The study aimed to identify genetic lesions associated with secondary acute myeloid leukemia (sAML) in comparison with AML arising de novo (dnAML) and assess their impact on patients' overall survival (OS). High-resolution genotyping and loss of heterozygosity mapping was performed on DNA samples from 86 sAML and 117 dnAML patients, using Affymetrix Genome-Wide Human SNP 6.0 arrays. Genes TP53, RUNX1, CBL, IDH1/2, NRAS, NPM1, and FLT3 were analyzed for mutations in all patients. We identified 36 recurrent cytogenetic aberrations (more than five events). Mutations in TP53, 9pUPD, and del7q (targeting CUX1 locus) were significantly associated with sAML, while NPM1 and FLT3 mutations associated with dnAML. Patients with sAML carrying TP53 mutations demonstrated lower 1-year OS rate than those with wild-type TP53 (14.3% ± 9.4% vs. 35.4% ± 7.2%; P = 0.002), while complex karyotype, del7q (CUX1) and del7p (IKZF1) showed no significant effect on OS. Multivariate analysis confirmed that mutant TP53 was the only independent adverse prognostic factor for OS in sAML (hazard ratio 2.67; 95% CI: 1.33-5.37; P = 0.006). Patients with dnAML and complex karyotype carried sAML-associated defects (TP53 defects in 54.5%, deletions targeting FOXP1 and ETV6 loci in 45.4% of the cases). We identified several co-occurring lesions associated with either sAML or dnAML diagnosis. Our data suggest that distinct genetic lesions drive leukemogenesis in sAML. High karyotype complexity of sAML patients does not influence OS. Somatic mutations in TP53 are the only independent adverse prognostic factor in sAML. Patients with dnAML and complex karyotype show genetic features associated with sAML and myeloproliferative neoplasms.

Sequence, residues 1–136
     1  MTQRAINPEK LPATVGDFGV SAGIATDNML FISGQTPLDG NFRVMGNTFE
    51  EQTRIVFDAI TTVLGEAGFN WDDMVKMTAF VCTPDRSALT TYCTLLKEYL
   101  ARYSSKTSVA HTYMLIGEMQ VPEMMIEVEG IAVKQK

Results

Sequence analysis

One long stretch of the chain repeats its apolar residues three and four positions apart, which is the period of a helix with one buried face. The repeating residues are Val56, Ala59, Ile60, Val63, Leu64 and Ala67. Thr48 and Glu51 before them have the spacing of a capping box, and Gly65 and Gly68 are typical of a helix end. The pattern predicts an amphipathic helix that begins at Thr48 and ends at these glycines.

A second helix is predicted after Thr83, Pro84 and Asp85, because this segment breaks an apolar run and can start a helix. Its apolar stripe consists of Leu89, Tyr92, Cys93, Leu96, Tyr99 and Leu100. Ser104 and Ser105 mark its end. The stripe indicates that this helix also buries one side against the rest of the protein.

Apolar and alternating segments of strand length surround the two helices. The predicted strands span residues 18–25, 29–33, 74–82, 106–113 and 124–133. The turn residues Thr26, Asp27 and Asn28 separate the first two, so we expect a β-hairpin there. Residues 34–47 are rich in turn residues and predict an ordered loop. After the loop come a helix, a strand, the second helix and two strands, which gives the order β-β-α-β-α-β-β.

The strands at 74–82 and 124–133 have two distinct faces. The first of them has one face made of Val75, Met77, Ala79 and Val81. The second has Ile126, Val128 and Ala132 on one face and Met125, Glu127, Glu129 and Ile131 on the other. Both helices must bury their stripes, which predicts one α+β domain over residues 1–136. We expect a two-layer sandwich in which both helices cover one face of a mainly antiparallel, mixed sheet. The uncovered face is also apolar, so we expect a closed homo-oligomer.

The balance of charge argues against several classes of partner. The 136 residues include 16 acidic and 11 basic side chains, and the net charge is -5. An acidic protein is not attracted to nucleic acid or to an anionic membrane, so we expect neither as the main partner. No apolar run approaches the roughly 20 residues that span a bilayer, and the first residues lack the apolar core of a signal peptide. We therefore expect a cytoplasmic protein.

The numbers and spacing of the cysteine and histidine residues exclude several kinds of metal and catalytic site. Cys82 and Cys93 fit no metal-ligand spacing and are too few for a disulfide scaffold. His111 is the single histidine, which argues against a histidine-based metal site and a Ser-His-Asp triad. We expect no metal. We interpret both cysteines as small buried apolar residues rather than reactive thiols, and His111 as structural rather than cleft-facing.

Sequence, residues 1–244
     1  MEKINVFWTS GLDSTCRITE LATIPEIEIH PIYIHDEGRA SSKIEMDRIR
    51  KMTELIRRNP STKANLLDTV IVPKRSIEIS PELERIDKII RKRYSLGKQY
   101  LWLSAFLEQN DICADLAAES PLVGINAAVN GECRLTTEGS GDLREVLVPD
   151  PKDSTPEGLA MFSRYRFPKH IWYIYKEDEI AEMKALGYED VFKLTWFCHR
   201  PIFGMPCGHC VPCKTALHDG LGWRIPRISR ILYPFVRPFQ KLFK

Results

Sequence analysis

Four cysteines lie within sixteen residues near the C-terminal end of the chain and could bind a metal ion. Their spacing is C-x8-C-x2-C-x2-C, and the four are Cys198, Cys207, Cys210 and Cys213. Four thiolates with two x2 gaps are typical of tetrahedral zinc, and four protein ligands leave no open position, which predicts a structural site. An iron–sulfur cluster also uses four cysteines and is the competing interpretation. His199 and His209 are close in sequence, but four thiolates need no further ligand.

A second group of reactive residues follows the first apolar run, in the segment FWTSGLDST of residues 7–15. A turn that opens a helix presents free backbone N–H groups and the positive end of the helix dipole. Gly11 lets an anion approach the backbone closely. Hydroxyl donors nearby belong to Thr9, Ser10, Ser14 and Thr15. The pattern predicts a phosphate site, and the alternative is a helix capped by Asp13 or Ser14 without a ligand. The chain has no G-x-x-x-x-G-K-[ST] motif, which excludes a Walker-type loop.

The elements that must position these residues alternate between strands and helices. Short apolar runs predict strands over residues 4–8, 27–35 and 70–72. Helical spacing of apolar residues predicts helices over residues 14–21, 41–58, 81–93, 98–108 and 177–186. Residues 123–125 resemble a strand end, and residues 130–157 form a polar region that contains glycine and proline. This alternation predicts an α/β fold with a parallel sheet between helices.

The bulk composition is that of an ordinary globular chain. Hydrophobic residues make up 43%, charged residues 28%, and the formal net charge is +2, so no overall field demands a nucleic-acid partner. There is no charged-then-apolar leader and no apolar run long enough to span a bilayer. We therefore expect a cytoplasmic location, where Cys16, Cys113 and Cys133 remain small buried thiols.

ASJC Scopus subject areas